Bring the hottest design elements of your home, outside

Backyard life these days is about more than just a cold drink on the deck. People are using their outdoor spaces more and they are bringing the design elements of their home outside. We spoke to some of Canada’s talented landscape designers about the hottest trends for your backyard.

Outdoor Living Trends….
The concept of the outdoor room has been around for more than a few years but that idea is now translating into multiple rooms in one backyard. Design expert and HGTV television host Carson Arthur says more and more people are looking at less lawn and more usable space. “We always look at full sun patios, but what about a shaded area? Plant a big tree and do a seating area under the tree. It takes out a huge section of grass. It’s environmentally friendly because the tree is going to remove the CO2 from the air, but also you lower the ambient temperature in your backyard with the shade.”

Nan Keenan of Toronto-based Kennan Designs says her clients are creating separate rooms outside. “A lot of time people will have a living room and they’ll actually even have a dining room and a leisure area by a pool, or pond, or hot tub.”

Economics, and in particular rising housing prices, are driving people into smaller homes, particularly in the cities, so the natural next step is using outdoor space that may have been left as lawn before. “It’s really quite nice now because people are really taking advantage of, and using, the space they have,” says Keenan. The result is a multi-use backyard and less lawn.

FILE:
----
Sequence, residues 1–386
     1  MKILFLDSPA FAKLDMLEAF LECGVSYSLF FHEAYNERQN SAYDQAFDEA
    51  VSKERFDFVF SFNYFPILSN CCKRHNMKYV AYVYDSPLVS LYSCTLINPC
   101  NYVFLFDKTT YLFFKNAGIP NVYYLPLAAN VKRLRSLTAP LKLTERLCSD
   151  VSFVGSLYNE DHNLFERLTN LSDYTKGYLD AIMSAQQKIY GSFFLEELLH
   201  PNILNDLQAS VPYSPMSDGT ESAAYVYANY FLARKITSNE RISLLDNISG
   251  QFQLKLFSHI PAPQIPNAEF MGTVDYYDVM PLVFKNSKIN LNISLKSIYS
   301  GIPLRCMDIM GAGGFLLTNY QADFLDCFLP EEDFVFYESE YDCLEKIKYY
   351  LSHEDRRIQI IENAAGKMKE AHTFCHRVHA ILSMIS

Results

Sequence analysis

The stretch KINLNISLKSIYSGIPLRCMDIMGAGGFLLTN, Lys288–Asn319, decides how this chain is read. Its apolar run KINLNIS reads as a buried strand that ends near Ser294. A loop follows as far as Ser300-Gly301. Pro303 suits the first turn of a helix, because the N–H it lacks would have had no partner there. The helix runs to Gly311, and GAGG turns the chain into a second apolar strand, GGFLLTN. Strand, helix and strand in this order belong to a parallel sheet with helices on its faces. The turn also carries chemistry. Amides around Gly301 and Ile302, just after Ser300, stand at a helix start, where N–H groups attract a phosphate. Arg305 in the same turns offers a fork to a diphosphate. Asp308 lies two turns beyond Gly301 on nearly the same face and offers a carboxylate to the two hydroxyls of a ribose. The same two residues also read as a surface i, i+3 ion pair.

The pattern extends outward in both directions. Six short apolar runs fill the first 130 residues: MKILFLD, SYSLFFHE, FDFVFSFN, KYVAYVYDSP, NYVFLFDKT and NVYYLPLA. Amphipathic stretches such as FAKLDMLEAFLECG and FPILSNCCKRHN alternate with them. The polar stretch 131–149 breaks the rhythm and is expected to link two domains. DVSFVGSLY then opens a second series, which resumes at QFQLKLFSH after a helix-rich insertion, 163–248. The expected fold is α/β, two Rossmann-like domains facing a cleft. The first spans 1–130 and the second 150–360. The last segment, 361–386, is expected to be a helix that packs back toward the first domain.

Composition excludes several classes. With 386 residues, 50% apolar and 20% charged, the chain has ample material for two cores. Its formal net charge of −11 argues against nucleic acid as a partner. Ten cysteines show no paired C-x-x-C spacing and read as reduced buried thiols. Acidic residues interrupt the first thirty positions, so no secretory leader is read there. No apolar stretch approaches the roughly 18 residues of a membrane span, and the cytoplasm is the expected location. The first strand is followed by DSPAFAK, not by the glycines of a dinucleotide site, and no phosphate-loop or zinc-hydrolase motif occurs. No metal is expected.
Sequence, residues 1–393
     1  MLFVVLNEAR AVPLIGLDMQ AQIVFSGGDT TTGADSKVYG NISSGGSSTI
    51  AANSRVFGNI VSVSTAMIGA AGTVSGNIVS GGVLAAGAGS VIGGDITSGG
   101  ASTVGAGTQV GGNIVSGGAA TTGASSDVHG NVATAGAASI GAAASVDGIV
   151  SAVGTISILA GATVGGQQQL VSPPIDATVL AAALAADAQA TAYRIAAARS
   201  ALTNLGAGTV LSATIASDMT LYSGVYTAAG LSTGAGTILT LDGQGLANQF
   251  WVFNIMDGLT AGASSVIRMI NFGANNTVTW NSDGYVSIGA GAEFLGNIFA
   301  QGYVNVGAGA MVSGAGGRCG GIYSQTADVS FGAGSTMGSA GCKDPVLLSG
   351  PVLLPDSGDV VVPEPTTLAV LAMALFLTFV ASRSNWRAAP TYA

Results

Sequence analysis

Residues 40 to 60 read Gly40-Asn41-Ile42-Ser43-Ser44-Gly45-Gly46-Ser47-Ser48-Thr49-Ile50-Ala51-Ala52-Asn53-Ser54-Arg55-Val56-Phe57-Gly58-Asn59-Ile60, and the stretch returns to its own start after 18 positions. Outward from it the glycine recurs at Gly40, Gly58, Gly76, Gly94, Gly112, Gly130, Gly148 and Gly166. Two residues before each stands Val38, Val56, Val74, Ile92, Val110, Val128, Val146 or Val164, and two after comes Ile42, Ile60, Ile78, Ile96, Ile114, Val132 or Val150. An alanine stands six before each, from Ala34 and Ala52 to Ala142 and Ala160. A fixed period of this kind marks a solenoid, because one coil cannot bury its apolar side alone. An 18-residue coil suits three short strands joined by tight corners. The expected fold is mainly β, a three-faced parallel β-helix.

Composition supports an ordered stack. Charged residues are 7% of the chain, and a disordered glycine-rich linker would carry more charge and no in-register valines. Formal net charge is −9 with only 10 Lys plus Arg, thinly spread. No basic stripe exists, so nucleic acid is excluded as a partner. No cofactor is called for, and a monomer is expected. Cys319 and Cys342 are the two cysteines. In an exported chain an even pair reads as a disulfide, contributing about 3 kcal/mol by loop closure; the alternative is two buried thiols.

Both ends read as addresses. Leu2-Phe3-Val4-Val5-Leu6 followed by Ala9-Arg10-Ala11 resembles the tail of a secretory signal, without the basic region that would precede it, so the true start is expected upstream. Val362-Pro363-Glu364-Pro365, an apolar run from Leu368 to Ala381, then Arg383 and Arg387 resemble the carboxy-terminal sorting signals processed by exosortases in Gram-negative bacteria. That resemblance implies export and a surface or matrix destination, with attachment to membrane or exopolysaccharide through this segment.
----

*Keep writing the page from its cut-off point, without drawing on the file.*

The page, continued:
In fact, many people are choosing to get rid of the grass altogether. They cite the work needed for maintenance, water and chemical bans, as well as difficulties like growing grass under increasingly mature trees as reasons as reasons to opt for other surfaces. Larger patios are becoming more common, as are surfaces like pea gravel or wood chips.

Even young families are doing without the lawns. Keenan says they make do with visits to the local park or they find other options for their kids. She recalls one client with young children that got rid of the grass completely in favour of pea gravel. “It was like a big sand box,” says Keenan. “They had their dump trucks out there. They loved it.”

Some of that lawn space is also being turned into gardens for growing vegetables. The organic and local food movement is moving into the backyards with people growing their own food. People are either building gardens or incorporating edible plants into their current flower gardens. Plants like herbs or vegetables like tomatoes look good, and, Keenan says, mixed with the exotic perennials they create a great visual mosaic.

The environment is another big motivator in current design trends. The price of products like paving stones made from recycled glass bottles or decks made from plastic bags have come down to the point that they are comparable with the more commonly used materials. “Their sales trends have gone shooting through the roof, because [the companies] are now using that message to homeowners, saying you can have the home of your dreams and you can do right by the environment,” says Arthur.

Nan Keenan adds that the green movement in landscape design is only going to increase. She’s seeing growing interest into concepts like green walls and green roofs. “I am very keen on trying this vertical growing. You can do your annuals that way. You can grow your herbs.” The walls are a whole new way to incorporate greenery into a backyard design and they come with irrigation systems that make care easier. The roofs too, Keenan says, will become more common as the use of such technologies in office buildings in major centres translate into residential homes.

Backyard design is becoming less about the big lawn and more about creating usable spaces where people can live, both inside the home and outside. Economics mean trips to the cottage are less likely so people want the cottage lifestyle in their backyard. Carson Arthur calls the backyard the ‘new frontier’ in home design. Home and Garden television has driven interior design over the last decade but it is now pushing those efforts outside to create calm and inviting living spaces in the yard.

On May 24th, 2011, posted in: Outdoor Living, Summer by

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